We are now a year into a pandemic that has laid bare the pervasive health inequalities that exist in our country. We have seen clearly that race, class, housing, education, income and employment all directly define someone’s chances of survival. More than half of pregnant women admitted with covid-19 in the first two months of the pandemic were black, Asian or from another minority ethnic group. Black women have been eight times more likely to be admitted to hospital as a result of coronavirus. These inequalities are widening and will become more profound as deprivation and disadvantage continue to be fuelled by the pandemic and women continue to suffer.
The recent Sewell report, backed by the Government, who allegedly had a hand in doctoring its findings, had the gall to assert that structural racism no longer exists as a dominating force in Britain today. The figures and the stories that we have heard today tell a very different story, so will the Minister go back to the Government and appeal to them to rectify the report, given the undeniable evidence we have heard today? This must be a turning point. The Government must commit today to a national strategy to tackle health inequality, which must include a road map and a timeframe for the eradication of the racial injustice in maternity care.
I am happy to speak under your chairmanship today, Sir Gary, although what we are discussing is a very unhappy set of circumstances. I thank Five X More for the petition and the debate, and the hon. Member for Newcastle upon Tyne North (Catherine McKinnell) for leading it. I confess—I know I am not alone in this—I knew very little about this subject until hearing from Five X More , and I am someone with a long-term interest in racial inequality, so I thank it sincerely. Many hon. Members have spoken powerfully today. I pay particular respect to the courage of the hon. Member for Streatham (Bell Ribeiro-Addy).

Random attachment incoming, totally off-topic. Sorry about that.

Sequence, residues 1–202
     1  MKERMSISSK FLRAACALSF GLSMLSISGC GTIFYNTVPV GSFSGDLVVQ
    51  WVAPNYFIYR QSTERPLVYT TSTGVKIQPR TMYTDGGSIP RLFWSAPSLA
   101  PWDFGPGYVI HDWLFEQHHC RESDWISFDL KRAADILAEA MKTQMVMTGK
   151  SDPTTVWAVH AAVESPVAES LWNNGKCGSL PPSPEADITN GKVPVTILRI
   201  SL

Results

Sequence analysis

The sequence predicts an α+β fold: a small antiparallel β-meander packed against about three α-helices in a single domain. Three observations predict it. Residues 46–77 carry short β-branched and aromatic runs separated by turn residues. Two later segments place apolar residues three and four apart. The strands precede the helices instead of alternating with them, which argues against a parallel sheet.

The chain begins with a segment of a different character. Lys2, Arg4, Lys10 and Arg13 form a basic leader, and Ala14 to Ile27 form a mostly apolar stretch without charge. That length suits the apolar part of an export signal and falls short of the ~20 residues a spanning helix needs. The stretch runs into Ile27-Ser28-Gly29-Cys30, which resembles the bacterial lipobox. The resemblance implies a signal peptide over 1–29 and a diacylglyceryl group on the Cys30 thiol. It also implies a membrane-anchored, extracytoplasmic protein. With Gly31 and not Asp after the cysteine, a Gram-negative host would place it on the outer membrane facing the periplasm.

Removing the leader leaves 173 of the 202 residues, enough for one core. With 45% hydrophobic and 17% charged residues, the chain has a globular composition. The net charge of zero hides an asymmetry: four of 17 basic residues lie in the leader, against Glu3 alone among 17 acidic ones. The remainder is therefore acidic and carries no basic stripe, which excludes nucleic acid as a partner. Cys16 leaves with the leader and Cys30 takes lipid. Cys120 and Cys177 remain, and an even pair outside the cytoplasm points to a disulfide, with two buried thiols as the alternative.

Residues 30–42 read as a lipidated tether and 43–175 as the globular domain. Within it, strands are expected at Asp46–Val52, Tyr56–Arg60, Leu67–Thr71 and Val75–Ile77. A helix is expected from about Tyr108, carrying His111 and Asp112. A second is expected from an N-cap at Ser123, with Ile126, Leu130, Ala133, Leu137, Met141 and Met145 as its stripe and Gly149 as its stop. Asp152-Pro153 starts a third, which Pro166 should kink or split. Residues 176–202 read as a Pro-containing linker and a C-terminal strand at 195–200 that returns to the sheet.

In the UK, almost 800,000 women give birth every year. That is 800,000 interactions with their national health service, making childbirth the No. 1 reason for engagement with the NHS. For a large proportion of women, it is their first adult contact with health services, and maternity care should be a unique opportunity to mitigate some of the factors that perpetuate health and social inequalities. I have no doubt that for many it is, regardless of ethnicity. I also have no doubt that the vast majority of healthcare workers care deeply about the people they work with. This debate is more about the system itself and the structural inbuilt inequalities.
We are hearing through heartbreaking testimony and alarming reports that these inequalities are very much there, putting black mothers and babies at a significantly higher risk of maternal and perinatal death. It is worth repeating again and again that black women are four times more likely to die during pregnancy or shortly after giving birth than white women. Women from mixed-race backgrounds are three times as likely and Asian women twice as likely. Most alarming to me is the fact that this inequality and disparity in maternal and newborn health has been highlighted for several years, yet there is still no target to end this. Why on earth not?